A "Code Red" is issued when the AQI index is 151 to 200. At this level, the air quality is "unhealthy" for the general public and those with pre-existing health issues may experience more serious health effects. The health effects of poor air quality, especially at Code Red or higher, can include coughing, stinging eyes, a scratchy throat or runny nose.

RELATED: Pets and air quality: Dogs, cats with pre-existing conditions could be at higher risk, vet says

What is "Code Purple" air quality?

A "Code Purple" ranges from 201 to 300 AQI index and is considered public health alert. The air quality in this range is "very unhealthy" and the risks of health effects increase for everyone. Health experts recommend an N95 or KN95 mask in these conditions.

What is "Code Maroon" air quality?

A "Code Maroon" is the highest concern level. When the AQI index reaches 301 or higher, the air quality is "hazardous" and is a health warning of emergency conditions, as everyone is more likely to be affected. Under hazardous air conditions, avoid any outdoor activity, keep doors and windows closed, and avoid using fans that suck outdoor air into your home. If you have air conditioning or an air purifier, run it.

What is ground-level ozone pollution?

Ozone is a gas composed of three atoms of oxygen, and can be "good" or "bad" for your health and the environment depending on where it is where it is found, according to the EPA. A "good" ozone is called stratospheric ozone and naturally occurs in the upper atmosphere, forming a protective layer that shields us from the sun's harmful ultraviolet rays. A "bad" ozone is at the ground level and has harmful air pollutants. It can trigger a variety of health problems and its main ingredient is smog.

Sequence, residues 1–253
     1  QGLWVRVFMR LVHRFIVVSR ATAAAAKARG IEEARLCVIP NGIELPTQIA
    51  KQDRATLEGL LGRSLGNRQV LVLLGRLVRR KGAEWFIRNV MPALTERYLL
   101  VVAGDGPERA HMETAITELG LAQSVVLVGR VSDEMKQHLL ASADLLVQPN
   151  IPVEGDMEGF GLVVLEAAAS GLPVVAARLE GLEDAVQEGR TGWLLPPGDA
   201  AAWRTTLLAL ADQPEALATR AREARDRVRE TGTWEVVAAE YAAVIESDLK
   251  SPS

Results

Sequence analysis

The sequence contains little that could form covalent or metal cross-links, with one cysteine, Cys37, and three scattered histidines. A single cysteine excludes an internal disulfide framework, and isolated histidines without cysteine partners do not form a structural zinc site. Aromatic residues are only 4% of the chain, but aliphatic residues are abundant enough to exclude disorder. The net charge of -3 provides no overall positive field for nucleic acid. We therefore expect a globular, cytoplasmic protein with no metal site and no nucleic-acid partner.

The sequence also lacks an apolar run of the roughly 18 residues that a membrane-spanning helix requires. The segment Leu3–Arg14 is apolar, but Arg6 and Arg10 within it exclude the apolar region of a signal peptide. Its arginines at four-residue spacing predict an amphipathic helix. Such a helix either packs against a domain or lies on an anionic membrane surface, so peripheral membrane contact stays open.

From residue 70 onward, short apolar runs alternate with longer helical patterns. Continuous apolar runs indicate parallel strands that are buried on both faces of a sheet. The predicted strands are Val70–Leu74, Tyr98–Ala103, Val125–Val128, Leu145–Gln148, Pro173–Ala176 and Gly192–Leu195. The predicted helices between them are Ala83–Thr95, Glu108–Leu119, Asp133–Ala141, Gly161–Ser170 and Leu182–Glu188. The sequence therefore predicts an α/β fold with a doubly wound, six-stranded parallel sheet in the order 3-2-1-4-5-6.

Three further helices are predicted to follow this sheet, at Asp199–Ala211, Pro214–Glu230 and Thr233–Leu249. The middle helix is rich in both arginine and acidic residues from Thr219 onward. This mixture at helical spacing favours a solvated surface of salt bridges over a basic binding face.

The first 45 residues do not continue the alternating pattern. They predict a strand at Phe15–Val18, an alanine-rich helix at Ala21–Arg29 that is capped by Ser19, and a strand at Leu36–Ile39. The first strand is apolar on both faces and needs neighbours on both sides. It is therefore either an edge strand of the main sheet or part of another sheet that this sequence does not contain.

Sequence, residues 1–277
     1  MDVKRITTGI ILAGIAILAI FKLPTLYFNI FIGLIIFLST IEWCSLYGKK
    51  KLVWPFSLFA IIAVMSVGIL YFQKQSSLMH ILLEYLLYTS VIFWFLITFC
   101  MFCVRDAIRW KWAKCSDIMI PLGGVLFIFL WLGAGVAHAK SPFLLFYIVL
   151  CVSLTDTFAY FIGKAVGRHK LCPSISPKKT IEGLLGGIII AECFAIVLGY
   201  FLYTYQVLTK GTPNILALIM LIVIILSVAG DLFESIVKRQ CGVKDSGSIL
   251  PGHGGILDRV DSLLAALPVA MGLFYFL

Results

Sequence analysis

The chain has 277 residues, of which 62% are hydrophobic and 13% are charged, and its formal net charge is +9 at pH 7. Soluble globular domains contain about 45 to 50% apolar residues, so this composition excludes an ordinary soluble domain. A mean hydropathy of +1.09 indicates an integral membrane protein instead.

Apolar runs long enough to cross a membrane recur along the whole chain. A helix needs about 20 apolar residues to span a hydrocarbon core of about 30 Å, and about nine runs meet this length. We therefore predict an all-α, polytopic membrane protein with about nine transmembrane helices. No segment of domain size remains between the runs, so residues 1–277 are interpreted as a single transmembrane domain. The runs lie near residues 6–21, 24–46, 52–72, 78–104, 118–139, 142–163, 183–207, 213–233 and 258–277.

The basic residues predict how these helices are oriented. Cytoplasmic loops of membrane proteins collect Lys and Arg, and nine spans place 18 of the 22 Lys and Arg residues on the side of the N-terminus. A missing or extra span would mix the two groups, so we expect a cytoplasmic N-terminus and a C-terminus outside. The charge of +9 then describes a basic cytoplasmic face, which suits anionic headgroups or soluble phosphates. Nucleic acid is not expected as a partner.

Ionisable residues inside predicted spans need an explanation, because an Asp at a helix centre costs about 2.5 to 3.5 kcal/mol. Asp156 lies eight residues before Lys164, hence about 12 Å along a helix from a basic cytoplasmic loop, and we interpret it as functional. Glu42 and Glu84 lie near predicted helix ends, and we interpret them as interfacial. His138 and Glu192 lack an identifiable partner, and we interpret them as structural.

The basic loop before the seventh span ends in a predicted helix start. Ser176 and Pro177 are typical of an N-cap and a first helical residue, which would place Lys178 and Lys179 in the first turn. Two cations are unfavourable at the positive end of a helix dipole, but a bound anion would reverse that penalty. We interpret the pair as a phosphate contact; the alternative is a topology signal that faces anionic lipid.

What is particle pollution (PM)?  

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PM stands for particulate matter, also known as particle pollution, and is made up of tiny pieces of solids or liquids that are found in the air, according to the CDC. 

Particular pollutants are inhalable particles, including dust, dirt, soot, smoke and drops of liquid. Some are large enough to be seen with the naked eye, while others can only be detected by using an electron microscope, the EPA says.

There are two types of particular matter: PM10 and PM2.5. 

PM10 particles generally have a diameter of 10 micrometers and smaller. This is typically dust or mold. 

PM2.5 are much finer particles, with a diameter of 2.5 micrometers or smaller, or about one-thirtieth the width of a strand of human hair.

PMs can be made up of hundreds of different chemicals and can come from a variety of sources, including fires, automobiles, construction sites, unpaved roads, fields and smokestacks. When inhaled, PMs can cause serious health problems including premature death in people with heart or lung disease, nonfatal heart attacks, irregular heartbeats, aggravated asthma and decreased lung function. It can also increase respiratory symptoms and irritate airways, causing coughing or difficulty breathing. 

Monitoring the AQI can help you reduce your exposure to particle pollution in an effort to protect yourself from the harmful effects,